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Re: CO2

> Date: Thu, 3 Aug 2000 16:32:11 EDT
> From: FocaIPoint at aol_com
> I'm about to jump off into the unknown once again and would like to receive 
> the collective list wisdom on the following.
> Saturday when my Bioplast regulator etc arrive, I'll be hooking up my CO2 
> system for the first time. I'm aiming for 10-15 ppm of CO2 and will probably 
> start the perking at one or two bubbles a second. Reasonable? Or am I totally 
> off in left field here?

15 ppm is a great goal. I hope you plan to measure CO2 directly or indirectly 
and don't depend on "bubbles per second" as an indicator of proper CO2 levels. 
> Not trusting them darn tables, I 
> went out and bought a Sera CO2 test kit.

Is this the one we never hear good things about?  Trust the tables, but be wary 
of your measurements!

> PO4 - 0 to 0.5 ppm

Phosphates in your water will be seen by your "KH" test kit as additional KH. 
It's not really KH, but additional alkalinity. Remember, KH test kits are really 
measuring total alkalinity with the assumption that carbonates are the only 
contributor. If you have phosphates in the tank, this assumption is false. Be 
careful here. 

The CO2/KH/pH tables assume that the only alkalinity is from KH. If you have 
phosphates, the tables will NOT give you correct results. 

It wouldn't hurt to measure pH, CO2 and KH and see if what you measure 
correlates to the tables (account for the error ranges of your test kits). It 
would be good to check your test kits against reference solutions. Never trust a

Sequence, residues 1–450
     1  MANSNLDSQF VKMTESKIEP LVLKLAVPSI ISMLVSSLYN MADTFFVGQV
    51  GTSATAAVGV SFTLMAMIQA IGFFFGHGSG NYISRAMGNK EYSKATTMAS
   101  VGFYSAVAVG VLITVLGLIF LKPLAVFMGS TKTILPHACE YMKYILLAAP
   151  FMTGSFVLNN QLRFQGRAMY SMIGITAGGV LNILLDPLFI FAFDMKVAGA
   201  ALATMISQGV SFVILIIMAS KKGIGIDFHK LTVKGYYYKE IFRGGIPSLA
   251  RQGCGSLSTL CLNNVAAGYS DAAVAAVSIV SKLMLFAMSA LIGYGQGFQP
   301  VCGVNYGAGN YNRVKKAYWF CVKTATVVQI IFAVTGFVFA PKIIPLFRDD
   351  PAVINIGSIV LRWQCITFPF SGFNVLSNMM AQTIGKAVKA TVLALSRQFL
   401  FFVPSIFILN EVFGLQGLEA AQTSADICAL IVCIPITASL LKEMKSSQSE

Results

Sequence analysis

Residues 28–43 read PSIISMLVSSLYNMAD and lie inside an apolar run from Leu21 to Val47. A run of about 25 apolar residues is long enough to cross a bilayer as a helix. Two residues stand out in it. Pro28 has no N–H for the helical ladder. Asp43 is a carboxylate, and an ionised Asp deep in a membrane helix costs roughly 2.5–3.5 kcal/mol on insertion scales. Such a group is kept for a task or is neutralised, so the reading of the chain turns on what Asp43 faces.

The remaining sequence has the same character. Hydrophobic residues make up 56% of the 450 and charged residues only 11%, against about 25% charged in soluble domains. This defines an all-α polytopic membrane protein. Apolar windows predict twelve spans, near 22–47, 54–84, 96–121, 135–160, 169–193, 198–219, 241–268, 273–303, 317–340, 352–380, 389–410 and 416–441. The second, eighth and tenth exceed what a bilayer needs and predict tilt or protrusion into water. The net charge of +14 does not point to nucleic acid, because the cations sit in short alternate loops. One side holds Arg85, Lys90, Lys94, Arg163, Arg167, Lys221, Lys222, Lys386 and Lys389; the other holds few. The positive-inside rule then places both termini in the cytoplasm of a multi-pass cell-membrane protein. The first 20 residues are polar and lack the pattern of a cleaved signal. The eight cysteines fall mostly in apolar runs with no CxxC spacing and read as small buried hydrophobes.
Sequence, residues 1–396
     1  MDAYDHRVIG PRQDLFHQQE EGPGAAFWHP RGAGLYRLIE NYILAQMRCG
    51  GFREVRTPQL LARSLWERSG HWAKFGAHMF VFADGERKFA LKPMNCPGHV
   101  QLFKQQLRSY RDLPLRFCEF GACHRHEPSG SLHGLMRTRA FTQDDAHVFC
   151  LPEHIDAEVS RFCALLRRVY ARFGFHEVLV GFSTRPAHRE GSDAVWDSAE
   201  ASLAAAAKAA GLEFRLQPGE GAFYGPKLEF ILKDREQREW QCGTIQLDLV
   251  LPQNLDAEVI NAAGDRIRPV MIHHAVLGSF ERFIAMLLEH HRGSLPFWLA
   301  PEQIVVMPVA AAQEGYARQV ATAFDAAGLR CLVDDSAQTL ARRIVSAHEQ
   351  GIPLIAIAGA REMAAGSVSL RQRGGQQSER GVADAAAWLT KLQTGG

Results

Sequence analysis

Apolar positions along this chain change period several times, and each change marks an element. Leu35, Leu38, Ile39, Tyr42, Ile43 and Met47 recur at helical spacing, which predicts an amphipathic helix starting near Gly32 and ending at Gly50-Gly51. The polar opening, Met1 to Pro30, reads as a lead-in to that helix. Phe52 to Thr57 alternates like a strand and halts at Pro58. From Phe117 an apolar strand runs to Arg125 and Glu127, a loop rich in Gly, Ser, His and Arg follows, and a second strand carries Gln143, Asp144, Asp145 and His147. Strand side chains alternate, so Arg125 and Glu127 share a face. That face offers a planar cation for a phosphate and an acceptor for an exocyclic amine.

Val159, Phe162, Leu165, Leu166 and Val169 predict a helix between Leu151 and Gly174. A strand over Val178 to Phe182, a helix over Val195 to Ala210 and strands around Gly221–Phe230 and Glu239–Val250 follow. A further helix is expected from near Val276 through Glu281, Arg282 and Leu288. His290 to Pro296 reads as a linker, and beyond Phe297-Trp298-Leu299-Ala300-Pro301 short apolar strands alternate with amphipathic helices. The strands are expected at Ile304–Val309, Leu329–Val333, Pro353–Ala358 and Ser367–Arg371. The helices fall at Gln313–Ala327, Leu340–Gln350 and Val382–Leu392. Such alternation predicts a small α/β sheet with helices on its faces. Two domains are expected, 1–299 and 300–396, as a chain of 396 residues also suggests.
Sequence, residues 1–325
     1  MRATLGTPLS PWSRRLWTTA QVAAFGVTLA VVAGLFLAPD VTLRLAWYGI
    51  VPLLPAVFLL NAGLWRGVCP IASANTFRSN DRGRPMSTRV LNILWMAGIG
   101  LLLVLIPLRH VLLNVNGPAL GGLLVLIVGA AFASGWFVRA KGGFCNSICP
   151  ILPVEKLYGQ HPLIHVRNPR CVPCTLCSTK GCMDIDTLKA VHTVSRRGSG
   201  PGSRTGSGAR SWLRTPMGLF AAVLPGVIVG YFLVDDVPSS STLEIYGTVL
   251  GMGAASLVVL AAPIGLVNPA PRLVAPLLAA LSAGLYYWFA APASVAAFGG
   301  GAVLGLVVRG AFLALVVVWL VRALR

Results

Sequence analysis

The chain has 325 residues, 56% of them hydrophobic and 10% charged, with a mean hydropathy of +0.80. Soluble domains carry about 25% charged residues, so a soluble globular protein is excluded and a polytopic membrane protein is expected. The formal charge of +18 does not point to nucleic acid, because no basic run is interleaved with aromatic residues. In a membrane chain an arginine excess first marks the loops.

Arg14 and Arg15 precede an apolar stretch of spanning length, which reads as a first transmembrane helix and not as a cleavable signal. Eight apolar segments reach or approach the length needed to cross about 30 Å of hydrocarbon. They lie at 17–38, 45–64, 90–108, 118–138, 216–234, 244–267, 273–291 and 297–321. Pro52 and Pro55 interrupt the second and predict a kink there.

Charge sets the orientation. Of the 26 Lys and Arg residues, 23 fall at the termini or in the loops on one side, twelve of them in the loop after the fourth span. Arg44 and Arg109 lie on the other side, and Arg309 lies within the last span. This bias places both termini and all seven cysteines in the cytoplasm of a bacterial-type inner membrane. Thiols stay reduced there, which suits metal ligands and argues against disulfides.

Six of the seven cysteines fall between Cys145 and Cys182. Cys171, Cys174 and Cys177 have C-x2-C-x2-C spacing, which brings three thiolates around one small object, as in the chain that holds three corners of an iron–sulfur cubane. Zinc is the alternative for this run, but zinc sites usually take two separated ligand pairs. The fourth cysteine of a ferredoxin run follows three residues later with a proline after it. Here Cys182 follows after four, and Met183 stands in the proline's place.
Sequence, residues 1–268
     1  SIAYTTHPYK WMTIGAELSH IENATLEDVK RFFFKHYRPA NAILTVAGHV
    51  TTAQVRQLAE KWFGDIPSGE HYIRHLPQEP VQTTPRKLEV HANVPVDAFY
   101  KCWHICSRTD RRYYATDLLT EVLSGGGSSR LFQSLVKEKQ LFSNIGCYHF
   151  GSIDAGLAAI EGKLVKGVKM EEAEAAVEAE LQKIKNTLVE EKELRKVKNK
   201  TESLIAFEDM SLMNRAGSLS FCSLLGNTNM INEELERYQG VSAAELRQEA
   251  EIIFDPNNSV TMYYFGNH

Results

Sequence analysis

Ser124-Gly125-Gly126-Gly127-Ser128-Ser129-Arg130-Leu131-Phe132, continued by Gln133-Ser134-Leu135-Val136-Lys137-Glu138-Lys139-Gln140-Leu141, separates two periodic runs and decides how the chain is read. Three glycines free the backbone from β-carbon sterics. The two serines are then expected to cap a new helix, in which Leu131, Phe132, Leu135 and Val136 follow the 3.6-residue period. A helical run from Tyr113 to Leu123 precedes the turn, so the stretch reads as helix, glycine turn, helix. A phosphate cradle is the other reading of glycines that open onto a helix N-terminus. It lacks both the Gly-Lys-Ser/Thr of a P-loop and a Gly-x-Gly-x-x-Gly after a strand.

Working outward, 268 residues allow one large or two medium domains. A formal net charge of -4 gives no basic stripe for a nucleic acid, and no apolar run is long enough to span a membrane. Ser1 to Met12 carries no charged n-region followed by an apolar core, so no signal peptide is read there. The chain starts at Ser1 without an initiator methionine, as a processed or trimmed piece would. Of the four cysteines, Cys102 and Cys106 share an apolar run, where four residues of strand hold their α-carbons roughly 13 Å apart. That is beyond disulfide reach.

hobbyist grade test kit until you have verified it! Most of them suck. 
> With the following tank parameters, what can I expect regarding pH and 
> hardness changes. (I'll be turning the system off at lights out)
> pH - 7.0
> dkH - 4.0
> Am I correct in expecting a .5 drop in pH to circa 6.5, and how will this 
> affect gH and kH? 

No, with a KH of 4 and 15 ppm of CO2, you will get ph = 6.9.

CO2 does not affect KH. KH is an independent variable. The amount of CO2 
injected against a certain KH will then determine the pH. You can juggle KH and 
CO2 to pick the pH point you want. Usually, folks will want 15 ppm of CO2 for 
good plant growth and will then select a KH that will give them the pH they 
want. KH generally has no or little effect on fish or plants, so it is the 
reasonable variable to change.  

CO2 does not affect GH either. GH is independent of the whole pH/KH/CO2 thing. 

> I learned a bitter lesson early on, and I am loth to add 
> ANY chemical to the  water column unless absolutely necessary, and I mean 
> absolutely.

You are correct to be wary of adding chemicals to the tank. But you are 
incorrect in being so adament about it.  Adding sodium bicarbonate is a 
perfectly reasonable thing to do to increase KH. But, of course, you should be 
cautious to measure carefully and test afterwords to make sure you add th 
correct amount.

Likewise, calcium carbonate is a fine way to increase GH *and* KH and is, in 
fact, the way nature does it. Measuring carefully and testing afterwords is also 

And you might want to research your idea of turning off CO2 at night. It is 
worse for tank stability to stop and satrt CO2 than it is to leave it on all the 
time. Assuming, of course, you have good control of the flow of CO2 entering 
your tank. 
Good luck with CO2. You sound like a careful person so it should work out well 
for you. 

George Booth in Ft. Collins, Colorado (booth at frii_com)